The founder of the group called Singapore Malay Film Society (in Facebook and Friendster but now with an impressive website (www.smfs.sg) left a comment in one of the earlier posts which was about us not considering film as part of our cultural heritage. In response, I would like to post this little trip down memory lane.
I went to Singapore a couple of years ago to help get some pics for my father’s autobiography. These were photos of the famous Malay Film Production studios in Jalan Ampas. When I headed there, I’m not really sure what to expect or if the studio still existed. The last time I set foot in the studio was in the mid 60s during the shoot of my father’s movie Raja Bersiong.
I took along my family as I planned it during the holidays. When we reached the destination, what I saw was a fence covering the famous entrance to the studio. The address? No 8 Jalan Ampas. Trust Run Run Shaw to find an auspicious address for his studio.
I stepped out of the car and stared at the entrance. All locked up. This was the exact junction where once a coffee shop stood – the infamous coffee shop owned by one woman named Siput (no relation to the famous Siput Sarawak). It was here that many actors, including the late Tan Sri P. Ramlee had coffee and played dam or checkers for money.
Now, the junction is empty and nondescript. But I saw what seemed to be a fairly new pillar erected right in front of the fenced gate. I approached it and found that it was actually a signboard built to commemorate the existence of the once famous studio. On it was a photo of my father directing a scene from the movie Raja Bersiong.
I looked through the chained fence and saw the studio which I still remembered clearly. I saw a guard approaching me. He was a Malay guard. When he approached, I asked him politely if I could enter the premises to take the photograph. He refused at first as I had no official permission to do so, but when I mentioned that I was Jamil Sulong’s son, he gladly allowed me access to the old studio.
As I entered, I felt strange. Vivid memories popped into my mind. I remembered the area where my parents played badminton with the studio staff. I remembered where the studio boss’s office was – he was Mr Kwek.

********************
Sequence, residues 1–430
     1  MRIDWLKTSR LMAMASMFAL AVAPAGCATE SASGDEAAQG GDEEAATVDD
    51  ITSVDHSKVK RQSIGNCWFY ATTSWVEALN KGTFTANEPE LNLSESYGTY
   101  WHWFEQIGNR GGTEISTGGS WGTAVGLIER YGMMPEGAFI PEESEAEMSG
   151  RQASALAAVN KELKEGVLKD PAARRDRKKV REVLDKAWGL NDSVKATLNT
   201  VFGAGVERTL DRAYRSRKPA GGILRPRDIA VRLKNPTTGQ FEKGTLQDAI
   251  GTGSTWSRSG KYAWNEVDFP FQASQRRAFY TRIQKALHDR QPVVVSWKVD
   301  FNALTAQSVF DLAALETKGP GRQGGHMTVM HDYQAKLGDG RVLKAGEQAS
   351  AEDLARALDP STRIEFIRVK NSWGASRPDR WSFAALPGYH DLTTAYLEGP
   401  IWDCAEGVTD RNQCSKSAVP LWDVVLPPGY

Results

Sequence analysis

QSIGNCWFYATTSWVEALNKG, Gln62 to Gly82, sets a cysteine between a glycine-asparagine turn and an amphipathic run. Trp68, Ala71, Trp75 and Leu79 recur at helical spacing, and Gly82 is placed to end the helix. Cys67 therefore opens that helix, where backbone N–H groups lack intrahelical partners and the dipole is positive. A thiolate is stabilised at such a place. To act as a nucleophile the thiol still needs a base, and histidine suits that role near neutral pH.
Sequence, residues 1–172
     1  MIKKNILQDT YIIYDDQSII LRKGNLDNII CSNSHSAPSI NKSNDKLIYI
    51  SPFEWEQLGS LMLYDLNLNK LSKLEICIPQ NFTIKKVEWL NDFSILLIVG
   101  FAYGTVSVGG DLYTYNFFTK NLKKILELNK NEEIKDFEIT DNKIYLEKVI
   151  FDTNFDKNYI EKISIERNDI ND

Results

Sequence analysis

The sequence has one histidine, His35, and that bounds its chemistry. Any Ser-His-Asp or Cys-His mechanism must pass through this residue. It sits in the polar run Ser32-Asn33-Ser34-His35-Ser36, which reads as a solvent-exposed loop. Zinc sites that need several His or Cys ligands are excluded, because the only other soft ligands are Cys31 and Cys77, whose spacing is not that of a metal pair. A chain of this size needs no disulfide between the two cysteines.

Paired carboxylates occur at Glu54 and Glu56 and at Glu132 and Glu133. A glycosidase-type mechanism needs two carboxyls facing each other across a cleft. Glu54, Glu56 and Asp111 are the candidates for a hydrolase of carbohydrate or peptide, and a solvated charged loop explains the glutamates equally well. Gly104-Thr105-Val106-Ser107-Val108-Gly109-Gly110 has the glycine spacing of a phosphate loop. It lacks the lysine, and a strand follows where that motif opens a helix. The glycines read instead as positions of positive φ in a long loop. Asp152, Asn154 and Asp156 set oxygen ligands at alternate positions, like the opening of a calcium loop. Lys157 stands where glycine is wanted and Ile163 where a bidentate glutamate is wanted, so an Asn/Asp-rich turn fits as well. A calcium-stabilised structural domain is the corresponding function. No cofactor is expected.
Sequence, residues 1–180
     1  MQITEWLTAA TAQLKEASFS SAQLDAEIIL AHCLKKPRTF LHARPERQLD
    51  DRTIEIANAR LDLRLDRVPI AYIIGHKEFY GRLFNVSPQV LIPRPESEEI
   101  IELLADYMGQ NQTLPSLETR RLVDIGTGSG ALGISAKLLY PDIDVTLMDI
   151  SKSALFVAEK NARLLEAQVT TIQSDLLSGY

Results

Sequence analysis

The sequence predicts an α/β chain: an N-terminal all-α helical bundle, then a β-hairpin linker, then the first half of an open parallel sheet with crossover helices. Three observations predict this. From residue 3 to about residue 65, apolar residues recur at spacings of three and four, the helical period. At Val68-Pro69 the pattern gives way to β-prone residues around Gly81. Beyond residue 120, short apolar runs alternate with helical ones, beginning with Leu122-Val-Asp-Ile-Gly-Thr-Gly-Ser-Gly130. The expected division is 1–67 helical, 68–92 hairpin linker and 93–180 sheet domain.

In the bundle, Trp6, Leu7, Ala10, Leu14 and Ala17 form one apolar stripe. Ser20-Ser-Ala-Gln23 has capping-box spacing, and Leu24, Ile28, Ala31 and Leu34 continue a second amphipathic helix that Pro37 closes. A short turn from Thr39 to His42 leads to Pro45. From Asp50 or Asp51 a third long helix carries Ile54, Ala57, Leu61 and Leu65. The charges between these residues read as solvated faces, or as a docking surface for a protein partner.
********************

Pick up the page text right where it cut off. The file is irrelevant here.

I walked around and took photos of the mostly dilapidated studio. Sadness overcame me as I wondered why this historical place was not turned into a museum of sorts.
One of the buildings still had the Shaw Brothers logo on it. And in another, film processing equipment still existed! One would have thought that after nearly 50 years, the equipment would have been destroyed or taken away, but no, it was still there. In one of the film processing machine, I can clearly see some celluloid still entwined in between reels. I wonder what movie the celluloid reels were from.
I wanted to enter the rooms, but was afraid that I had overstayed my welcome. So, I quickly took all the shots I needed and thanked the jaga and left the studio feeling elated and yet despondent at the same time.
As the son of Jamil Sulong, I was glad to have made this journey back to the studio, and as a filmmaker, I felt that I had paid tribute to the place where it (the Malay film industry) all began. My parents were part of this history. Now, so am I.
Authored by Anwardi Jamil*
*Anwardi Jamil is the son a of creative genius, Jamil Sulong.
Thank you Anwardi Jamil for rehashing this beautiful gem of a place. We admire your dad’s works and his contribution to the film industry.
Time for SuriaChannel to do a TV programme and explore the glorious places in Singapore like Jalan Ampas.